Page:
You think starting a company is hard? Try starting a robotics company.
Expensive equipment. Long lead times. The tough leap from concept to commercialization. There is no overnight success. But in Boston’s seaport district, MassRobotics is running as a “startup escalator” with 18 robotics and artificial intelligence companies in residence at it’s 15,000-square foot site.
“You cannot have a successful industry without successful companies,” said co-founder Fady Saad, SDM ’13.
Incorporated in 2015, MassRobotics helps startups move from working prototype to marketable product by providing offices, a machine shop, and a robot testing platform; access to high-tech equipment such as electronics testing tools and a 3-D printer; and connections to partners.
“It's very hard to commercialize a robotics technology,” said Saad, who was recently named to the Boston Business Journal's “40 Under 40” list. “You need manufacturing partners, supply chain partners. You need components. There are a lot of dependencies, moving parts.”This complexity is why the traditional startup accelerator model falls short for robotics and AI companies, Saad said. Designed with input from industry stakeholders — including nearly 25 corporate partners — MassRobotics' offerings are meant to give entrepreneurs in robotics and AI a boost beyond that needed in less capital-intensive industries, such as software.
“You could have a software working prototype in six months and push it out and let people use it. This is impossible with robotics,” Saad said, noting that while early versions of software are commonly released to the public, the risks involved in releasing a less-than-perfect drone or self-driving vehicle are prohibitively high. “You need it close to perfect.” And for a robotics startup, two years to launch would be on the short side, Saad said.At MassRobotics, young companies have the freedom they need to test, validate, and iterate. “If the robot crashes into the wall, the building's not going to fall down,” said Peter Howard, president and CEO of Realtime Robotics, which is developing a robotics component that aids with motion planning.
Plus, he said, the space is affordable. “It helped us a lot when we just had a few pennies to rub together,” he said. Howard said his company also benefits from MassRobotics' extensive industry connections. “It's a network business to raise funding,” he said.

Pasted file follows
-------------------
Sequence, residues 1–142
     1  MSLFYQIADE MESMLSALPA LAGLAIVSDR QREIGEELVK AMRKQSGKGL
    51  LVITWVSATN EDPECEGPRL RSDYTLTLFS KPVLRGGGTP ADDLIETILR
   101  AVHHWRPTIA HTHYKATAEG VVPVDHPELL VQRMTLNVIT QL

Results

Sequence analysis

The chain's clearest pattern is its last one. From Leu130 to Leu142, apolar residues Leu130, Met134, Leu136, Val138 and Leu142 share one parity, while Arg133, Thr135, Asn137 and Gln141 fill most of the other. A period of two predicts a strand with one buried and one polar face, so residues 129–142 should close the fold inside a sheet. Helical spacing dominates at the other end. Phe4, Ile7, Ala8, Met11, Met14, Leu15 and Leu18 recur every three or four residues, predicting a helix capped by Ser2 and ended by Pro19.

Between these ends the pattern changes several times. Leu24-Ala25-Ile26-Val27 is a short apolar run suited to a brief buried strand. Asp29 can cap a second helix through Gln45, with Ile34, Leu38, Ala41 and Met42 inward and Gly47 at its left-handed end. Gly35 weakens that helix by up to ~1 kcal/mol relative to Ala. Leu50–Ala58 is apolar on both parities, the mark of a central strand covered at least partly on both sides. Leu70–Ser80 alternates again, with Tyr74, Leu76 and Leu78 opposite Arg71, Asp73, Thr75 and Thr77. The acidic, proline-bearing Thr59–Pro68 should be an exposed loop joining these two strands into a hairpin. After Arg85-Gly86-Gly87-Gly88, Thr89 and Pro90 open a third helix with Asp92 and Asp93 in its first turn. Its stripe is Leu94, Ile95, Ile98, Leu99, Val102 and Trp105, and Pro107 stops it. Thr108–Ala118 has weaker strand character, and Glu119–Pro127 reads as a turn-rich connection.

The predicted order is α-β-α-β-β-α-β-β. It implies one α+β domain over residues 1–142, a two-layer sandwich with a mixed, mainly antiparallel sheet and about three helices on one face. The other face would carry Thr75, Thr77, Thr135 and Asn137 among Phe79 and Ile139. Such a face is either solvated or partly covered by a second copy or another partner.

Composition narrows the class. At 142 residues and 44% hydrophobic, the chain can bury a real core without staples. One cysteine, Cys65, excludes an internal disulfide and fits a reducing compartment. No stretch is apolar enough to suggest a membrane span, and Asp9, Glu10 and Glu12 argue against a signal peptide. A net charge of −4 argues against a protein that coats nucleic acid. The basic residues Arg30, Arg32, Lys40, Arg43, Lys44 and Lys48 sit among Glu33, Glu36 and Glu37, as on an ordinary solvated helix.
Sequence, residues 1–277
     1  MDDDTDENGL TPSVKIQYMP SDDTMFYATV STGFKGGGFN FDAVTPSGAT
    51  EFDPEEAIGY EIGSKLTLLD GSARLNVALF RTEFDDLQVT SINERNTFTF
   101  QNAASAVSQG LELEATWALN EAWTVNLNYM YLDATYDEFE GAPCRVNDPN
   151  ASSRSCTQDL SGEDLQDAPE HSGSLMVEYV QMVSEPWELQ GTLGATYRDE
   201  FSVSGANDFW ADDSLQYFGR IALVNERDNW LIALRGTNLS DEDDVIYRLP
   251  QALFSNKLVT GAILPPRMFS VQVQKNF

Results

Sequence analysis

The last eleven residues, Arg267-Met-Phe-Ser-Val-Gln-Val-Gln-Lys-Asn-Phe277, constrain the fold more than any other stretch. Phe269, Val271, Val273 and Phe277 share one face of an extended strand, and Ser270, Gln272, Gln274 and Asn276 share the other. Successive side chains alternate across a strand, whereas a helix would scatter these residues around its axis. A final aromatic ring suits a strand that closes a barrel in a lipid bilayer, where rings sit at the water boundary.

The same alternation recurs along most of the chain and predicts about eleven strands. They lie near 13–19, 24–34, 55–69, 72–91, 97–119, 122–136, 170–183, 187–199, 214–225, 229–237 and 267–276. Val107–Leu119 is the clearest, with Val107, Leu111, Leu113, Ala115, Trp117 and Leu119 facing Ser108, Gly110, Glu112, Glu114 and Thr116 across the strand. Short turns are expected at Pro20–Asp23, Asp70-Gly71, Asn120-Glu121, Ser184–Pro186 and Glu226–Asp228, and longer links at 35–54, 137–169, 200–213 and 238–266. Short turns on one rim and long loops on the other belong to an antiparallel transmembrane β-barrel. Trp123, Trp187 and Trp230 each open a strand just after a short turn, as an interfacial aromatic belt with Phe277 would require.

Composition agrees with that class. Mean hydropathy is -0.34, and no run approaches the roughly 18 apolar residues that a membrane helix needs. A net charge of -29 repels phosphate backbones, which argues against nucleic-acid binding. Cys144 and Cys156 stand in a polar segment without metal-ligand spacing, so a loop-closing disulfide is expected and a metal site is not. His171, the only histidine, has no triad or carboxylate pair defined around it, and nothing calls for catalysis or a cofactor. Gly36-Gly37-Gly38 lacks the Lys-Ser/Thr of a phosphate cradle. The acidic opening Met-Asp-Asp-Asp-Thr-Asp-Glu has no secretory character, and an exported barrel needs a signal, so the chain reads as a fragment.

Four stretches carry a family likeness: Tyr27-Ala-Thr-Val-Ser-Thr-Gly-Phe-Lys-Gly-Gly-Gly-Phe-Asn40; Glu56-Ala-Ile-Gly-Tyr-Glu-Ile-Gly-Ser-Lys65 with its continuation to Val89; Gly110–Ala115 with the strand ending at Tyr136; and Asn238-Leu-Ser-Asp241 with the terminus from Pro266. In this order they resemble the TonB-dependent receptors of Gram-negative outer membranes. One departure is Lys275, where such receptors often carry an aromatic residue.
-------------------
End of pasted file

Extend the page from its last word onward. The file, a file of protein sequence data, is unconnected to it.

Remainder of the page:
This network is at the heart of MassRobotics, which draws large, successful organizations — such as founding partners Vecna, Cambridge Innovation Center, Massachusetts Technology Leadership Council, and Draper — together with startups to nurture innovation. “[MassRobotics] has connected us to investors, machine shops, and vendors we may use,” said Reese Mozer, founder and CEO of American Robotics, which is developing autonomous drones for agriculture.
The MassRobotics community also provides a forum for sharing technical knowledge, funding ideas, and even ethical concerns. There’s a book club, a newsletter, and events that let children interact with robots, an effort to support science and technology education.
Co-founded by Saad; Stephen Paschall SM ’04; Tye Brady SM ’99; Daniel Theobald SB ’95, SM ’98; and Joyce Sidopoulos, MassRobotics is supported by membership fees paid by the startups and through corporate partners and government grants.
Saad said he expects the MassRobotics community will continue to grow as the companies it nurtures begin to take off. Already, its first company graduated out of its space. Square Robot, which builds systems for submerged oil and gas inspections, moved to MassRobotics in February with three people, and six months later expanded to a space across the street with a team of 11.
MassRobotics is now eyeing an additional 25,000 square feet of space to house as many as 40 more startups, Saad said.
"We want to be sure this is a world-class, state-of-the-art space," Saad said. "I see a future where MassRobotics is the center of gravity for robotics worldwide.”